This project investigates the extent to which the characteristics of different political systems (for example, the number of major political parties) affect patterns of online information seeking behaviour which take place during election time.
This project investigates the extent to which the characteristics of different political systems (for example, the number of major political parties) affect patterns of online information seeking behaviour which take place during election time (for example, the number and type of searches on Google for different politicians). It will use the European Parliament elections as a case study, examining information seeking patterns generated by the elections in 2009 and 2014 across the 28 member states of the European Union, and attempting to explain variation in these patterns through reference to the characteristics of the country in question. Data will be collected from two different platforms (Google and Wikipedia) and statistical methods will be applied to them to characterise the patterns of online information seeking behaviour.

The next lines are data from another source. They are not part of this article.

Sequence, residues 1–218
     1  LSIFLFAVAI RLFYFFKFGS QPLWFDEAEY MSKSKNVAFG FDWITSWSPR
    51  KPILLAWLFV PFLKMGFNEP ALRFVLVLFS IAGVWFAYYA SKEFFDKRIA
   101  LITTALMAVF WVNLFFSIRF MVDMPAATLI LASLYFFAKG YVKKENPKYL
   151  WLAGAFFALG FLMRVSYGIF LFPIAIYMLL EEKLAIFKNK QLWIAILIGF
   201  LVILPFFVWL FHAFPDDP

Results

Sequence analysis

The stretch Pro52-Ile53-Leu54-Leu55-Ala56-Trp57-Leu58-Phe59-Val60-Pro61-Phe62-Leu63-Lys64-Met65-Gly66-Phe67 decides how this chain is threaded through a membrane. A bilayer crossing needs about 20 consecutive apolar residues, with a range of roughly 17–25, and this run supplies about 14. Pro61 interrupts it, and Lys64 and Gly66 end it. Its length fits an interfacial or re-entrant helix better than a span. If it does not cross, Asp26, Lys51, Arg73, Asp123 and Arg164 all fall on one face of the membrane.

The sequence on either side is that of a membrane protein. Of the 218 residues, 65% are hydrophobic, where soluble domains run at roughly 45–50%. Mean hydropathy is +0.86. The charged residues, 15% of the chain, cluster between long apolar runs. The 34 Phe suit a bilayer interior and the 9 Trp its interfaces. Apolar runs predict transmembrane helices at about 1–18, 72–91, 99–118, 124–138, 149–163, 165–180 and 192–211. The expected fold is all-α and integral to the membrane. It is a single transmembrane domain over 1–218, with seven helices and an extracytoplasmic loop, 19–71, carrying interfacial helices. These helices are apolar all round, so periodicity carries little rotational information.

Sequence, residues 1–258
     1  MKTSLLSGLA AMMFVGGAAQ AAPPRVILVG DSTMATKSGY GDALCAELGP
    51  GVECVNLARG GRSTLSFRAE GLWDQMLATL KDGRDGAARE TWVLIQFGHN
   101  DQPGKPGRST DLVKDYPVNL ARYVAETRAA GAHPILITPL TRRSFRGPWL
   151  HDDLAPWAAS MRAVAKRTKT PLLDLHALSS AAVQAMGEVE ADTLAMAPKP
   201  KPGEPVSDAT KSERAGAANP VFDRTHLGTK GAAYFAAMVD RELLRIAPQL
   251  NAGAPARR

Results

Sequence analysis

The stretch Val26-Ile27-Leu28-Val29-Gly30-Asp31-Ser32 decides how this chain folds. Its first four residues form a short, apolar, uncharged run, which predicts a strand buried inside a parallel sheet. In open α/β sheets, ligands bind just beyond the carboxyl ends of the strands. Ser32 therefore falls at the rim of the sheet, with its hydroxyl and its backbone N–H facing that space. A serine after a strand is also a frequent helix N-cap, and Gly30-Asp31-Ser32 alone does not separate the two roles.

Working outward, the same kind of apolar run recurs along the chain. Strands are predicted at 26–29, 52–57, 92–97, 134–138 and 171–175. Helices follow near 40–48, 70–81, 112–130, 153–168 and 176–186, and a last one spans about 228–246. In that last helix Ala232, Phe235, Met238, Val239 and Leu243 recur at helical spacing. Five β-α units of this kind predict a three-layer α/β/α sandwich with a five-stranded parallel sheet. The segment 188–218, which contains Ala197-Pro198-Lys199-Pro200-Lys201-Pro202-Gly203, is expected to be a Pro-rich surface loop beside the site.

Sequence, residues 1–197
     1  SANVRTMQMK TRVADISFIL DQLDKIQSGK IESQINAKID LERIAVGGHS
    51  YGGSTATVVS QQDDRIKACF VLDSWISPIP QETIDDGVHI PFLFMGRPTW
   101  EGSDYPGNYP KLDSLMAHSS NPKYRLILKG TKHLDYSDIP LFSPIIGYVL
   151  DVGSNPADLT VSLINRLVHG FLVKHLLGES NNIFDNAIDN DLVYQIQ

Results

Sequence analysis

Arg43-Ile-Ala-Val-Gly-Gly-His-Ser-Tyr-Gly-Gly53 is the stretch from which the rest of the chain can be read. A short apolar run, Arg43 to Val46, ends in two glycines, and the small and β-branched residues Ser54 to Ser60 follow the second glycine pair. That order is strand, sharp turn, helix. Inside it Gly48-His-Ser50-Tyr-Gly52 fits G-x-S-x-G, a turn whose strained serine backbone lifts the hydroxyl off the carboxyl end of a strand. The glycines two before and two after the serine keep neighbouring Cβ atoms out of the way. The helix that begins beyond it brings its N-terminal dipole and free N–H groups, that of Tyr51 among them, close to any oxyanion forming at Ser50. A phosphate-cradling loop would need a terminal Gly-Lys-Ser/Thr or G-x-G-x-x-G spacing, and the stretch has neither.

The overall aim of the project is to enhance current research on the use of internet generated “big data” coming out of platforms such as Google, Wikipedia and Twitter for the purposes of election prediction. This is an area which has generated considerable interest in computer science and political science, yet also much disappointment, following the poor predictive power identified by much current research (for example, the number of times candidates are mentioned on Twitter has been found to bear little relation to overall electoral outcomes). The major reason for this, we argue, is that so far researchers have made no attempt to elaborate theoretically how social behaviour on the internet relates to overall electoral outcomes, and how this behaviour is driven by different political contexts. This study will take some first steps towards filling that gap. In so doing, we will also explore the role that online information seeking plays in contemporary democratic politics.
This project is funded by the John Fell OUP Research Fund.
- Yasseri, T., and Bright, J. (2014) Can electoral popularity be predicted using socially generated big data? Information Technology 56 (5) 246–253.
Date Published: 16 October 2015
In an article about predicting election results the major Canadian news magazine quotes a research study by Taha Yasseri and Jonathan Bright on whether electoral popularity can be predicted using socially generated big data.